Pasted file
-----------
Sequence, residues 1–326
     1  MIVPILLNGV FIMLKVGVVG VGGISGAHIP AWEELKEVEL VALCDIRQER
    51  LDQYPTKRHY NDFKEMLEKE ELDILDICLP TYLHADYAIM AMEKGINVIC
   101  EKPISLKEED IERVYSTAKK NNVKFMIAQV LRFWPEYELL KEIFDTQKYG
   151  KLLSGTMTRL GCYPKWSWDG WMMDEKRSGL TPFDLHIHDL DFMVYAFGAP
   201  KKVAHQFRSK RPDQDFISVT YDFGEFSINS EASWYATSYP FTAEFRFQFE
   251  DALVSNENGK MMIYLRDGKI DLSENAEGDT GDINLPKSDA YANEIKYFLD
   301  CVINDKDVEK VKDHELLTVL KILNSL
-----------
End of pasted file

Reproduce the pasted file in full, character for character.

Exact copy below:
Sequence, residues 1–326
     1  MIVPILLNGV FIMLKVGVVG VGGISGAHIP AWEELKEVEL VALCDIRQER
    51  LDQYPTKRHY NDFKEMLEKE ELDILDICLP TYLHADYAIM AMEKGINVIC
   101  EKPISLKEED IERVYSTAKK NNVKFMIAQV LRFWPEYELL KEIFDTQKYG
   151  KLLSGTMTRL GCYPKWSWDG WMMDEKRSGL TPFDLHIHDL DFMVYAFGAP
   201  KKVAHQFRSK RPDQDFISVT YDFGEFSINS EASWYATSYP FTAEFRFQFE
   251  DALVSNENGK MMIYLRDGKI DLSENAEGDT GDINLPKSDA YANEIKYFLD
   301  CVINDKDVEK VKDHELLTVL KILNSL